Mon Dec 4th through Sat the 9th, 2017 at Long Beach Convention Center
The paper considers entropy regularized discounted Markov Decision Process (MDP), and shows the relation between the optimal value, action-value, and policy. Moreover, it shows that the optimal value function and policy satisfy a temporal consistency in the form of Bellman-like equation (Theorem 1), which can also be extended to its n-step version (Corollary 2).
The paper introduces Path Consistent Learning by enforcing the temporal consistency, which is essentially a Bellman residual minimization procedure (Section 5).
SUMMARY OF EVALUATION:
Quality: Parts of the paper is sound (Section 3 and 4); parts of it is not (Section 5)
Clarity: The paper is well-written.
Originality: Some results seem to be novel, but similar ideas and analysis have been proposed/done before.
Significance: It might become an important paper in the entropy regularized RL literature.
This is a well-written paper that has some interesting results regarding the relation between V, Q, and pi for the entropy regularized MDP setting. That being said, I have some concerns, which I hope the authors clarify.
- Enforcing temporal consistency by minimizing its l2 error is minimizing the empirical Bellman error. Why do we need a new terminology (Path consistency) for this?
- The empirical Bellman error, either in the standard form or in the new form in this paper, is a biased estimate of the true Bellman error. Refer to the discussion in Section 3 of
Antos, Szepesvari, Munos, “Learning near-optimal policies with Bellman-residual minimization based fitted policy iteration and a single sample path,” Machine Learning Journal, 2008.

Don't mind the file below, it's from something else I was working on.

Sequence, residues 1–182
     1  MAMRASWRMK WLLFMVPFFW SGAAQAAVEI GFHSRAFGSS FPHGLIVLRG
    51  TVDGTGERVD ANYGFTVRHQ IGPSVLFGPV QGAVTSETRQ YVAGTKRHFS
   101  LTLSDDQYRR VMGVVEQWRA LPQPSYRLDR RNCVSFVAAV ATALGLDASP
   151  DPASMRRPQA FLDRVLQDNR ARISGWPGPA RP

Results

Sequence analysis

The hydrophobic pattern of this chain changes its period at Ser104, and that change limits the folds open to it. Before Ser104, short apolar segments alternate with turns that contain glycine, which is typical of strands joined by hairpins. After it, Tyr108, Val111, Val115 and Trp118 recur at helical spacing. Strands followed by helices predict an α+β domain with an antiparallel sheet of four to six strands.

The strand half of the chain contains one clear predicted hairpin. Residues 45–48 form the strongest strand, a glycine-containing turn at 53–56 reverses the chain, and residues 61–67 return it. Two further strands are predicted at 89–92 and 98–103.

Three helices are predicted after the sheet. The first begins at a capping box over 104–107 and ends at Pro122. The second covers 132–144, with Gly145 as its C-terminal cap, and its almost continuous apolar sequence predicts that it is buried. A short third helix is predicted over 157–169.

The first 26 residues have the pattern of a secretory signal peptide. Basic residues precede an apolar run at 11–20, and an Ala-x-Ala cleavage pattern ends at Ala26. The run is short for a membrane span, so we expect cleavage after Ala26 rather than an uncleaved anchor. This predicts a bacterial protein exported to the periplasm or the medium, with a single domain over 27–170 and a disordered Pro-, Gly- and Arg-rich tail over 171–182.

Therefore, for stochastic dynamics, minimizing Equation (15) does not lead to the desired result. This is my most crucial comment, and I hope the authors provide an answer to it.
- Claiming that this paper is bridging the gap between the value and policy based RL is beyond what has actually been shown. The paper shows the relation between value and policy for a certain type of reward function (which has the entropy of policy as an additional reward term).
- On LL176-177, it is claimed that a new actor-critic paradigm is presented where the policy is not distinct from the values. Isn’t this exactly the same thing in the conventional value-based approach for which the optimal policy has a certain relationship with the optimal value function? In the standard setting, the greedy policy is optimal; here we have relationship of Equation (10).
- It might be noted that relations similar to Equations (7), (8), (9), and (10) have been observed in the context of Maximum Entropy Inverse Optimal Control. See Corollary 2 and the discussion after that in the following paper:
Ziebart, et al., “The Principle of Maximum Causal Entropy for Estimating Interacting Processes,” IEEE Transactions on Information Theory, 2013.
Here the Bellman equations are very similar to what we have in this paper.
Ziebart et al.’s framework is extended by the following paper to address problems with large state spaces: